Restaurants are a canary in the coal mine for the US economy. From Wolf Richter at wolfstreet.com:
“Very challenging” sales trends.
On Friday, September 30, Restaurants Acquisitions, the operator of Black-eyed Pea and Dixie House restaurant chains, converted its Chapter 11 filing to Chapter 7 liquidation. The bankruptcy court order noted the company had shuttered its restaurants and management had resigned.
The day before, Cosi Inc., a fast-casual chain with 1,100 employees filed for bankruptcy. It closed 29 of its 74 company-owned restaurants and laid off 450 people. The 31 independently owned franchise operations continue operating.
Also last week, Logan’s Roadhouse, a casual steakhouse with over 200 locations, closed more than 10 restaurants, on top of the locations it had already closed in August when it filed for Chapter 11 bankruptcy.
Eight restaurant companies representing 12 chains have filed for bankruptcy since December: Restaurants Acquisitions, Cosi, Logan’s Roadhouse, Fox & Hound, Champps, Bailey’s, Old Country Buffet, HomeTown Buffet, Ryan’s, Johnny Carino’s, Quaker Steak & Lube, and Zio’s Italian Kitchen.
Restaurants are precarious creatures. They lease costly space and have to invest in equipment and furnishings. It’s a competitive environment, with high expenses and little pricing power. To expand, they load up on debts. Some, like Cosi, always lose money. Customers are finicky and fickle. When new competitors come along, or when the economy tightens, customers thin out and creditors begin to fret and turn off the money spigot.
Some of that is normal. The restaurants come along, and old ones die.
“But the current wave of bankruptcies is definitely unusual, and rivals the chain bankruptcy wave of 2009 and 2010, when several chains filed for debt protection after sales fell,” writes Jonathan Maze at Nation’s Restaurant News, adding:
In this case, the wave of bankruptcies is largely due to a decline in sales at restaurant chains that is particularly harmful to companies that are already walking a balance-sheet tightrope. The companies that filed for bankruptcy recently were already weak.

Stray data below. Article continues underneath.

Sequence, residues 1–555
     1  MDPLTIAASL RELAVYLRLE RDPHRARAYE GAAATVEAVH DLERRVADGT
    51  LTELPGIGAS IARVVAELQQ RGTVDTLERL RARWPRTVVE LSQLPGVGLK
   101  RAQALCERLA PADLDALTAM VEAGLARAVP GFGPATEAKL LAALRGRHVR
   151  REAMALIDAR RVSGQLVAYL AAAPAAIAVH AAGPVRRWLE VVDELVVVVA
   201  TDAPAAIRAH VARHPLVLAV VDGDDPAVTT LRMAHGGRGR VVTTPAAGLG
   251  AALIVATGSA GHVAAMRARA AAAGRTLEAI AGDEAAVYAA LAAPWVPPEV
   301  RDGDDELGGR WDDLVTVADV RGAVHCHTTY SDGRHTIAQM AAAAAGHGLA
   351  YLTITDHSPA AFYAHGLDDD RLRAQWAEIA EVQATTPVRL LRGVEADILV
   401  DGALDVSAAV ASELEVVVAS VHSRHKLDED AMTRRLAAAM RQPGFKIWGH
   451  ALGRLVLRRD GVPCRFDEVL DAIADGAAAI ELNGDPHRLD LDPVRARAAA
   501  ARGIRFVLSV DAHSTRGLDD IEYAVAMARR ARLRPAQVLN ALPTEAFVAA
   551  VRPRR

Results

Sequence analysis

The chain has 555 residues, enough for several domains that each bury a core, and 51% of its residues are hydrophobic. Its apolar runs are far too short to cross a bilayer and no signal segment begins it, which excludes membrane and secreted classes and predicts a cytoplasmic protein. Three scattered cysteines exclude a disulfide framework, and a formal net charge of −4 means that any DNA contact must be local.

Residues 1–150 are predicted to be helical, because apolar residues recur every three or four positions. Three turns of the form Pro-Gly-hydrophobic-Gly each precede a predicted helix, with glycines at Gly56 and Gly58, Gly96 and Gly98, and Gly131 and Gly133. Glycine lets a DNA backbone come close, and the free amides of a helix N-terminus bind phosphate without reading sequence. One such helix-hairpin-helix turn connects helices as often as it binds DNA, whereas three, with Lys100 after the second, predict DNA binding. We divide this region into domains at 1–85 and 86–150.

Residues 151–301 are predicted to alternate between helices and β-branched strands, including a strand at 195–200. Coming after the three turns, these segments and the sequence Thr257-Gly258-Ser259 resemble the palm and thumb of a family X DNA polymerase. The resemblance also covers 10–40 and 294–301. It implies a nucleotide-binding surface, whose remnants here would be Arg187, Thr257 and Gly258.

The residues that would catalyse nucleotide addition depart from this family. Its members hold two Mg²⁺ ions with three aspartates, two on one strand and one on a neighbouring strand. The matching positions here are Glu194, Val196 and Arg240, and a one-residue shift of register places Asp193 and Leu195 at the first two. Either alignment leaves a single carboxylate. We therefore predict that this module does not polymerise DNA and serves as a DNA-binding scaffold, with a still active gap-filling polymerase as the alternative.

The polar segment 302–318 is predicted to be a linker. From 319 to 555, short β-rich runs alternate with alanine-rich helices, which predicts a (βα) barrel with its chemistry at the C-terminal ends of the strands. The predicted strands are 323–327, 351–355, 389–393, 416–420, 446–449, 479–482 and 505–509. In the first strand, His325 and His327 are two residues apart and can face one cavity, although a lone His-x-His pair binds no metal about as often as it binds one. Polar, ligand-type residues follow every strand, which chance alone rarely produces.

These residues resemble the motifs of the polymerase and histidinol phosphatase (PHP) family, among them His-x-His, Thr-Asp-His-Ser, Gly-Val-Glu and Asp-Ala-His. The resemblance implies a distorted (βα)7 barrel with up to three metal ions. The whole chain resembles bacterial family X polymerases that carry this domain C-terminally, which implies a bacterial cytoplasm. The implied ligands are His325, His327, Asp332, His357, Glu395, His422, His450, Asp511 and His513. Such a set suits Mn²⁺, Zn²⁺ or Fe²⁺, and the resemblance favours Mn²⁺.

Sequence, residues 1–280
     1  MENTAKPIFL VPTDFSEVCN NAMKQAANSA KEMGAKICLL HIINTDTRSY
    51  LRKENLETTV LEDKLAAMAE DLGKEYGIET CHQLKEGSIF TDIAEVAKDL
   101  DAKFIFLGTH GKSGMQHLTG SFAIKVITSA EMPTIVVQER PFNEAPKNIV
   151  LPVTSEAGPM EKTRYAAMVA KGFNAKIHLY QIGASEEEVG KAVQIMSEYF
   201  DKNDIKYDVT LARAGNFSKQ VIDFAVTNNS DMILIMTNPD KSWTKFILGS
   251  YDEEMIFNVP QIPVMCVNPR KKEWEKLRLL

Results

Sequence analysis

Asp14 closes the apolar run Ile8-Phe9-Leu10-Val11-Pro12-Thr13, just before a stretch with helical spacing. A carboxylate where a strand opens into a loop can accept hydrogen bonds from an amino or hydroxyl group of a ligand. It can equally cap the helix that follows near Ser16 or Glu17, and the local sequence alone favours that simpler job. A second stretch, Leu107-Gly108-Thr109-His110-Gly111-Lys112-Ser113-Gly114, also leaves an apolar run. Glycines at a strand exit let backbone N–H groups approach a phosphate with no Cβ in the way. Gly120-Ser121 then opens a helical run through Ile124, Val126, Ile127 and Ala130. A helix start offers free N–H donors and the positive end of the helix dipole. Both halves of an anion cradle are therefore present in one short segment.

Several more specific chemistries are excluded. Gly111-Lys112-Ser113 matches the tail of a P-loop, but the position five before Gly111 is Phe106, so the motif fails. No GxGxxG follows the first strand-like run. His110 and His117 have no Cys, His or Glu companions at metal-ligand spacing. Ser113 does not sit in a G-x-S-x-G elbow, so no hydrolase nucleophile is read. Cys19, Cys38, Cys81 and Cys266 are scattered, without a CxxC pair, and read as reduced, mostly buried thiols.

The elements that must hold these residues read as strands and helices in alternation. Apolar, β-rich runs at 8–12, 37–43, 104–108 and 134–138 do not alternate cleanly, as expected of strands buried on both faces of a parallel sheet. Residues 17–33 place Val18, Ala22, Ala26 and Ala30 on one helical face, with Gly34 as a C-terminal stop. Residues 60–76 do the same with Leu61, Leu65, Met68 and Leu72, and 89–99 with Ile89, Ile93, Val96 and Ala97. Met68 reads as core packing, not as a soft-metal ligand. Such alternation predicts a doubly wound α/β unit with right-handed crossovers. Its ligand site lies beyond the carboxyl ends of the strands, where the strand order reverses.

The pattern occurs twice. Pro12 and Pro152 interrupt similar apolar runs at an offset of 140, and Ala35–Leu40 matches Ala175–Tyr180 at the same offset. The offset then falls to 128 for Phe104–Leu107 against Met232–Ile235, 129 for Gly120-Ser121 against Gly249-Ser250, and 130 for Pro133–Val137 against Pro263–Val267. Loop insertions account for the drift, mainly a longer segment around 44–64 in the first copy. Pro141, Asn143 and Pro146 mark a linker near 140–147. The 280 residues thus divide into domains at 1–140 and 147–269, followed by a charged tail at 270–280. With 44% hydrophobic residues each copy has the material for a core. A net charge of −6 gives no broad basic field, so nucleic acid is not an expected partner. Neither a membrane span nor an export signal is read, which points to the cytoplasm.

Some are repeat offenders, including Buffets LLC (Old Country Buffet, HomeTown Buffet, and Ryan’s) which is now mired in its third bankruptcy. Many of them, battered by declining sales and rising expenses, have been losing money for a long time. But now things are coming to a head.
Restaurant bonds moved into fourth place early this year in Standard & Poor’s Distress Ratio, behind brick-and-mortar retailers and the doom-and-gloom categories of “Energy” and “Metals, Mining, and Steel.”
Other restaurants are trying to hang on by cutting costs and shrinking their footprint, which entails more sales declines, and thus continues the downward spiral.
In August, casual-dining operator Ruby Tuesday announced that – after “a rigorous unit-level analysis of sales, cash flows, and other key performance metrics, as well as site location, market positioning and lease status” – it would sell its headquarters and close 15% of its 624 or so company-owned restaurants by September.
Clinton Coleman, interim CEO of Rave Restaurant Group, which operates Pie Five Pizza Co. and the Pizza Inn buffet brand, put it this way on September 23, after reporting that same-store sales had tumbled in Q4 and that losses had ballooned: “Sales trends in the fourth quarter were very challenging for the Pie Five system, as was the case in much of the fast-casual segment.”
The restaurant industry is not a sideshow. About 14 million people work in it, according to the National Restaurant Association. With $710 billion in annual sales, it’s an important part of consumer spending and accounts for about 4% of GDP. If the industry is having problems, it’s a red flag for the overall economy.
To continue reading: Restaurant Industry, Leading Indicator of US Economy Sours, Bankruptcies Pile up